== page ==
Teen and Parent Misconceptions About Driving and Marijuana
New research reveals lack of knowing the risks of driving under the influence.
Posted Mar 29, 2018
Friends don’t let friends drive drunk. —AdCouncil (1983)
We all remember this slogan. It was coined at the launch of the Drunk Driving Campaign.
Since then, awareness of the serious risks of driving under the influence of alcohol are well known. And there have been significant changes in driving behavior. The many ad campaigns, prevention efforts, public education initiatives through national organizations and media, research on Driving Under the Influence (DUI), and legal and insurance penalties have all resulted in a decrease in mixing alcohol and use of motor vehicles. And more good news, according to the AdCouncil, nearly 70 percent of adults have tried to stop friends from driving drunk.
This is not to say that we don’t still have a way to go. We do. Plenty of people drive while under the influence of alcohol, and many folks still die on the roads, as a result.
But a new problem is on the horizon – one that no one previously expected. Marijuana is now legal for medical purposes in 29 states and in Washington, D.C. It is legal for recreational use in 9 states plus Washington, D.C.
What does the public believe about pot’s effects on driving?
Liberty Mutual Insurance and Students Against Destructive Decisions (SADD) conducted a new survey of 2,800 teens and 1,000 parents to better understand their perceptions of driving under the influence of marijuana, and how to prevent driving under its influence.
Here’s the scary part:
- 33% of all teens surveyed thought driving under the influence of marijuana is legal in states where its legal for adult recreational use;
- 27% of parents surveyed also believed it was legal in these states;
- 93% of parents believed DUI of alcohol was dangerous, but only 76% said the same about marijuana;
- 88% of teens agreed that drinking and driving was dangerous, but only 68% thought driving under the influence of marijuana was dangerous.
And there’s more bad news: 22% of surveyed teens admit that driving under the influence of marijuana was common among their friends.
This study and a study from the National Institute of Drug Abuse (NIDA) and the National Highway Traffic Safety Administration (NHTSA) point to a societal misunderstanding common to teens and their parents – DUI of marijuana isn’t dangerous. Yet evidence shows that marijuana impairs driving skills just like alcohol. It impairs motor coordination, judgment, and slows reaction time.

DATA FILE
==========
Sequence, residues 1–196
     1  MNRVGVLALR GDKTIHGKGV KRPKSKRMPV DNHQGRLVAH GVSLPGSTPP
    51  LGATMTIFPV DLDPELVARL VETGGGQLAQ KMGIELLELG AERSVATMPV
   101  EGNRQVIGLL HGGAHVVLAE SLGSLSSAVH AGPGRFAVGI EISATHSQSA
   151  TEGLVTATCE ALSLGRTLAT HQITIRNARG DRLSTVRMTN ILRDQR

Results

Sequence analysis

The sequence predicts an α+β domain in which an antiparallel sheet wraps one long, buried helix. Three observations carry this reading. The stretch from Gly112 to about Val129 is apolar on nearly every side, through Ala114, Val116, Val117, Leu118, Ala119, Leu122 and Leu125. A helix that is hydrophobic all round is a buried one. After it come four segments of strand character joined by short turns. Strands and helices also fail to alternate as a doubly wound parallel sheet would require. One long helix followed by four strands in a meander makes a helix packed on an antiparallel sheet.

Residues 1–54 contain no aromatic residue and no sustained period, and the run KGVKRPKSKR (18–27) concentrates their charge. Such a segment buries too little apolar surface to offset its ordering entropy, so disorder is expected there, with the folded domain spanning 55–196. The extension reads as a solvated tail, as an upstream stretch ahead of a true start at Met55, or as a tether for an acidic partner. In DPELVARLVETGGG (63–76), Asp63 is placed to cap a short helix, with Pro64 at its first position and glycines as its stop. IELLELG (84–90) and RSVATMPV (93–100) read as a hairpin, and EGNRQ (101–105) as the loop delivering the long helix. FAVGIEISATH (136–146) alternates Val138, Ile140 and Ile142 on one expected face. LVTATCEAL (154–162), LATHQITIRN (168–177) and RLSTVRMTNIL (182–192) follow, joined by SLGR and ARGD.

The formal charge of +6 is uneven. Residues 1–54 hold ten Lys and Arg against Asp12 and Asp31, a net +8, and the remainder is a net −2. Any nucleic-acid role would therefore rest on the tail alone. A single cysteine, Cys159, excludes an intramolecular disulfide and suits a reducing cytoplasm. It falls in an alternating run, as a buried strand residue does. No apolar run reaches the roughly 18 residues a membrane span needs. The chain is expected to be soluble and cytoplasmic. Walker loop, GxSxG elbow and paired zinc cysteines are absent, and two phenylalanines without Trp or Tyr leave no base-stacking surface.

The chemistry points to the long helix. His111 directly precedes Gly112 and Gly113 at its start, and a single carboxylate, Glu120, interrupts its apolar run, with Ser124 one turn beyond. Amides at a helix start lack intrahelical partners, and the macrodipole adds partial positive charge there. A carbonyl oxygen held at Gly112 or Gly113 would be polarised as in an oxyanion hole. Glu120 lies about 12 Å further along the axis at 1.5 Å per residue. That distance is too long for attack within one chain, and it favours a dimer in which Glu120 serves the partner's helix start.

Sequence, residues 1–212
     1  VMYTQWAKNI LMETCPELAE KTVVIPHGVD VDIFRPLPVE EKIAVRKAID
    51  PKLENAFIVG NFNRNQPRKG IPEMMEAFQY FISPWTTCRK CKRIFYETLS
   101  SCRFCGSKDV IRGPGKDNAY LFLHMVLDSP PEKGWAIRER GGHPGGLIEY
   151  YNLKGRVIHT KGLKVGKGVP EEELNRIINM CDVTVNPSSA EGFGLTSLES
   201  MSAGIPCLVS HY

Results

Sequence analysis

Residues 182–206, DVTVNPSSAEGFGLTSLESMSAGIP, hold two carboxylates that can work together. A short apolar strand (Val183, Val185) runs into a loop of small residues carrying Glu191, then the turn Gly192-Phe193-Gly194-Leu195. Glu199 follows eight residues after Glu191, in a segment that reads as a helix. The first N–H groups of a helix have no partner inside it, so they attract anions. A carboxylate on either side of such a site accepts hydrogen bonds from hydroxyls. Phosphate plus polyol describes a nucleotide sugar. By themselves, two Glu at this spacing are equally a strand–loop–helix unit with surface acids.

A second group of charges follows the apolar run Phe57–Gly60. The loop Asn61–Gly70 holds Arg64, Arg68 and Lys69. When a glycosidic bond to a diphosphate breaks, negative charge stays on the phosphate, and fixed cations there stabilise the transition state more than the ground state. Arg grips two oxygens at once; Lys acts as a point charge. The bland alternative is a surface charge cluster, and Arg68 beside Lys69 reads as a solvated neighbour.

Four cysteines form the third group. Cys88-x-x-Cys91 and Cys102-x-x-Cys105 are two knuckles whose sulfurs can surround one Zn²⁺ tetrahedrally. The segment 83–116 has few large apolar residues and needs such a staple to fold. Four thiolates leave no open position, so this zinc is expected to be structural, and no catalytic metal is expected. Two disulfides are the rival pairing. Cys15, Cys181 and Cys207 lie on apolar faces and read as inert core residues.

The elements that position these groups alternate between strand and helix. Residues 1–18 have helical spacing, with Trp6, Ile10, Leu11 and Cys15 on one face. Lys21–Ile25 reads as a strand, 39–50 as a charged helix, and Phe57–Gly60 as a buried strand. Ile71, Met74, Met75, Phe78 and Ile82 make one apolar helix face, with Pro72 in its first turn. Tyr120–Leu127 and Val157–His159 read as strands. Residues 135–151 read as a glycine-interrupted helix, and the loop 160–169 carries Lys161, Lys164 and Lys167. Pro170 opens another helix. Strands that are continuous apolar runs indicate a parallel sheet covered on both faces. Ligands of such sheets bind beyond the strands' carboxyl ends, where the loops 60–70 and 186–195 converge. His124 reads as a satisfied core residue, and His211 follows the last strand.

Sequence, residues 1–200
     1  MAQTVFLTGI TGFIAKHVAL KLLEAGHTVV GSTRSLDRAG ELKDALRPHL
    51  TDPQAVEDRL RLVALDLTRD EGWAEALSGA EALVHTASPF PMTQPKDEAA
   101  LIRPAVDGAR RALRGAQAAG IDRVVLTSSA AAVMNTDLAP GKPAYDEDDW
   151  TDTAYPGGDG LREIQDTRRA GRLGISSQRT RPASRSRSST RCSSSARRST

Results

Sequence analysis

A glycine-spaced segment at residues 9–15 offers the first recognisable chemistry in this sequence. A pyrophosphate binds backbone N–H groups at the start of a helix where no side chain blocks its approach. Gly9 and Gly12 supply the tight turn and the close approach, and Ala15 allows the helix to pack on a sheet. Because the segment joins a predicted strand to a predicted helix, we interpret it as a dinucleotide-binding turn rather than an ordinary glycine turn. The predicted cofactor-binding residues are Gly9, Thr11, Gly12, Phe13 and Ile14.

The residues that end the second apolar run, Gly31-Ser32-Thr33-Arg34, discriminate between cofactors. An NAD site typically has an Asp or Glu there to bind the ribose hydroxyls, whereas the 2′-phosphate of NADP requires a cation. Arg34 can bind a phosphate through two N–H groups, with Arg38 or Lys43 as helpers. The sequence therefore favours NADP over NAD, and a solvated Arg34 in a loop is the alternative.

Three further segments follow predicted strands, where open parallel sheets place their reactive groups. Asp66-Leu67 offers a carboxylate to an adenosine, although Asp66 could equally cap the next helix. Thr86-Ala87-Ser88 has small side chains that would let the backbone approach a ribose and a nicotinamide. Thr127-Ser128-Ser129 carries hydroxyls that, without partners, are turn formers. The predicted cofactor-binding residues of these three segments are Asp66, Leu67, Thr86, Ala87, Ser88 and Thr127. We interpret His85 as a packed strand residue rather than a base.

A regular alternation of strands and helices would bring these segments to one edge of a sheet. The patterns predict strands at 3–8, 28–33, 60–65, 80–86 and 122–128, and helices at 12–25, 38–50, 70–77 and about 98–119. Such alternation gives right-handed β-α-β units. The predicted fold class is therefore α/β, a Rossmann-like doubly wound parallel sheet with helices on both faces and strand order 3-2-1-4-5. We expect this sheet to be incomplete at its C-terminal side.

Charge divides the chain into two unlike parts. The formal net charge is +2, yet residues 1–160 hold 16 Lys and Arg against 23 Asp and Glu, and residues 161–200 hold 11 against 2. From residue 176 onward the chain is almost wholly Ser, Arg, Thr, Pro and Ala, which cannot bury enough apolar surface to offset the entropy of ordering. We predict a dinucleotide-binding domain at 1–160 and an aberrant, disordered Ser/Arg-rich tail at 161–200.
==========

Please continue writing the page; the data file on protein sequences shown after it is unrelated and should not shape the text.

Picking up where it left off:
It’s really important for parents and teens alike to understand the importance of not smoking and driving to keep everyone safe on the road. But let’s complicate the picture.
Not only are perceptions awry. The potency of marijuana is far greater than ever before. Studies of new hybrid strains, particularly of medical and now recreational marijuana are considered to be two to three times as potent as in the 1990s.
And finally, let’s consider the teenage brain. Neuroscience informs us that the brain does not fully mature until age 26. The driving behavioral forces in adolescents and young adults are the deep centers of the brain that fuel emotion and impulse. This is why teens tend to live in the moment, and can fall prey to peer pressure and get in a car with a peer who is driving under the influence. The neurons that later connect the emotional structures to the higher centers can slow things down and help them use reason, logic and consider the consequence of their actions. But this takes a long time.
So, putting it all together, we have greater potency of marijuana in the hands of teens who are not yet at capacity for making measured decisions, and compounded by parents, who themselves have serious misconceptions of the risks of marijuana.
So, what can we do?
Tips for National Organizations and Media
- Public education: If the work of the Ad Council and numerous other groups helped us all appreciate the risks of DUI of alcohol, and changed behavior, we need the same kind of national effort for using marijuana. Clearly the public does not understand the risks of this increasingly legalized substance. The campaigns should be multimedia, including traditional public service announcements, print and online articles, blog posts and social media posts.